How to prevent radicalisation of young people?
In September 2015, Tamimount Essaide, Director of the Maison de Quartier St Antoine (MQSA) in Brussels, met Saliha Ben Ali, a mother whose 19-year-old son died in Syria after joining ISIL. Mrs Ben Ali is the founder of Society Against Violent Extremism. Together with MQSA and Women Without Borders they launched the Mother’s School as a tool to understand and combat the problem of young people embracing extremism. ‘We receive calls from mothers concerned about the future of their children, and mothers can be the first to notice sadness or isolation in a child, so they can play a role as regards early warning and safeguarding their children’ explained Tamimount. During a 15-week period at the Mother’s School, the participants get a better understanding of their children’s environment, learn how to carry out intelligent prevention and strengthen the emotional ties between parents and children’.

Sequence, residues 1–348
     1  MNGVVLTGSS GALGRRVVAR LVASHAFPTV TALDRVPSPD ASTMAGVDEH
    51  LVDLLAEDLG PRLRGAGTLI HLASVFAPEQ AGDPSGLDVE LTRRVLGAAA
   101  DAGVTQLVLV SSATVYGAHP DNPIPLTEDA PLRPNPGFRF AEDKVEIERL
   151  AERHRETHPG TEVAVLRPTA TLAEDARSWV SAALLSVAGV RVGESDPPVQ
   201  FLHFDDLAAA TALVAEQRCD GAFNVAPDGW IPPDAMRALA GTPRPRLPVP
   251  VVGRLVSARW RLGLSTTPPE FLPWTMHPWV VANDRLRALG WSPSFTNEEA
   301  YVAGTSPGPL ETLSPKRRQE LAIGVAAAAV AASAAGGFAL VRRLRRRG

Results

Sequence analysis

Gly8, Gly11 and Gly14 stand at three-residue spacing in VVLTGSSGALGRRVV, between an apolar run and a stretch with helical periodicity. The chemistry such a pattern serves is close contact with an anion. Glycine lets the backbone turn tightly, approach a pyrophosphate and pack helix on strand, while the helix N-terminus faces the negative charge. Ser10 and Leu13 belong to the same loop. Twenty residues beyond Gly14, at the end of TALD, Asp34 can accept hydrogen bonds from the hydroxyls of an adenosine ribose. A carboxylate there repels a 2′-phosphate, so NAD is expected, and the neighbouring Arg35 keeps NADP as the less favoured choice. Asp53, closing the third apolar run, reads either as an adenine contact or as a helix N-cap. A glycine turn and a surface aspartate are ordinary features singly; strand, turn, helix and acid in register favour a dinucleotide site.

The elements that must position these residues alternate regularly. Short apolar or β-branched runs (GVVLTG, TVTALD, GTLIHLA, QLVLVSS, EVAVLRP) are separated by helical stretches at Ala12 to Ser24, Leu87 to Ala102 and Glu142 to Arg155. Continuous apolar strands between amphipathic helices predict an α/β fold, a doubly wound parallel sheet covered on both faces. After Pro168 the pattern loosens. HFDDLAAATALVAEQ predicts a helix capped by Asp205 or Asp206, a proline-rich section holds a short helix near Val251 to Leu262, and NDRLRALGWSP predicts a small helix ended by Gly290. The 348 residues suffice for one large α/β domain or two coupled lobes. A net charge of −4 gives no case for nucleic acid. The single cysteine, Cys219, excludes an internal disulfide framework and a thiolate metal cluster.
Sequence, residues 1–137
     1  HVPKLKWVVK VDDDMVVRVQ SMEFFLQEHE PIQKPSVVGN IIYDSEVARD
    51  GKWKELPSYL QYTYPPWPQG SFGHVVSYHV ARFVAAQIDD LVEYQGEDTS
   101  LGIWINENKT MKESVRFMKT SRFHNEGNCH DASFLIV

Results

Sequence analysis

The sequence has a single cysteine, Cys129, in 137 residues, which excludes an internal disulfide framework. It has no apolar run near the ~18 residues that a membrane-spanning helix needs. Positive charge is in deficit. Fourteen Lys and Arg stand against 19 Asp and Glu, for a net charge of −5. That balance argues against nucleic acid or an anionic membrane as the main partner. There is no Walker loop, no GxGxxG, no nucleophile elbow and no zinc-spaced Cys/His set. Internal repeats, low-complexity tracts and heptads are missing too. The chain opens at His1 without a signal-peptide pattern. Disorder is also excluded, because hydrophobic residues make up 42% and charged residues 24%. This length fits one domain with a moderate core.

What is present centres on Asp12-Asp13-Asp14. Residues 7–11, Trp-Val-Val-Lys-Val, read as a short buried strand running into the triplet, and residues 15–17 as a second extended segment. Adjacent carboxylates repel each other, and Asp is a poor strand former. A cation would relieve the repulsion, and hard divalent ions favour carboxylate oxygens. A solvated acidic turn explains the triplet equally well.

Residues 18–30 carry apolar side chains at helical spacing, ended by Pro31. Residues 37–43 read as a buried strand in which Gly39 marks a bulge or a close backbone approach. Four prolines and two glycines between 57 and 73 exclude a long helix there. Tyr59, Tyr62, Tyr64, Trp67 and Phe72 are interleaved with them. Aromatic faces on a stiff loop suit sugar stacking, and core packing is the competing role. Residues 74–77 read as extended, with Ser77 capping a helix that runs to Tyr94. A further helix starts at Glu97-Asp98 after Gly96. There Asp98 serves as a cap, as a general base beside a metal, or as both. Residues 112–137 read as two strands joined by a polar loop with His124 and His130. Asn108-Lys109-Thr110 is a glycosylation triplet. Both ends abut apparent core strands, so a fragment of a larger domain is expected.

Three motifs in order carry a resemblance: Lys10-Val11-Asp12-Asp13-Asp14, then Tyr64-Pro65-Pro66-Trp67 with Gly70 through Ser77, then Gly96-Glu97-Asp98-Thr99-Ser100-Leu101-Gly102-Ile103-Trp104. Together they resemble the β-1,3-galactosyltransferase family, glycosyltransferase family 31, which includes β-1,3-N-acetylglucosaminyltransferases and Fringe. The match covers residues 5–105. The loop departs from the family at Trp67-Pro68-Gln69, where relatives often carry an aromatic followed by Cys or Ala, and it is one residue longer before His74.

This initiative exemplifies an idea shared by all conference speakers: the first battleground to overcome youth marginalisation and prevent violent radicalisation is the local area.
A firm defender of the local approach is Bart Somers, the mayor of the city of Mechelen in Belgium and the winner of the World Mayor Prize 2016. He started by addressing two inconvenient truths: ‘first, nearly 4 200 young Europeans have joined ISIL and if the number of violent radicalised young people joining ISIL keeps going up it will be impossible for security services to monitor them. Secondly, de-radicalisation is very difficult, as it needs a lot of time and money and success is not guaranteed’. That’s why he advocates the prevention and overcoming of marginalisation.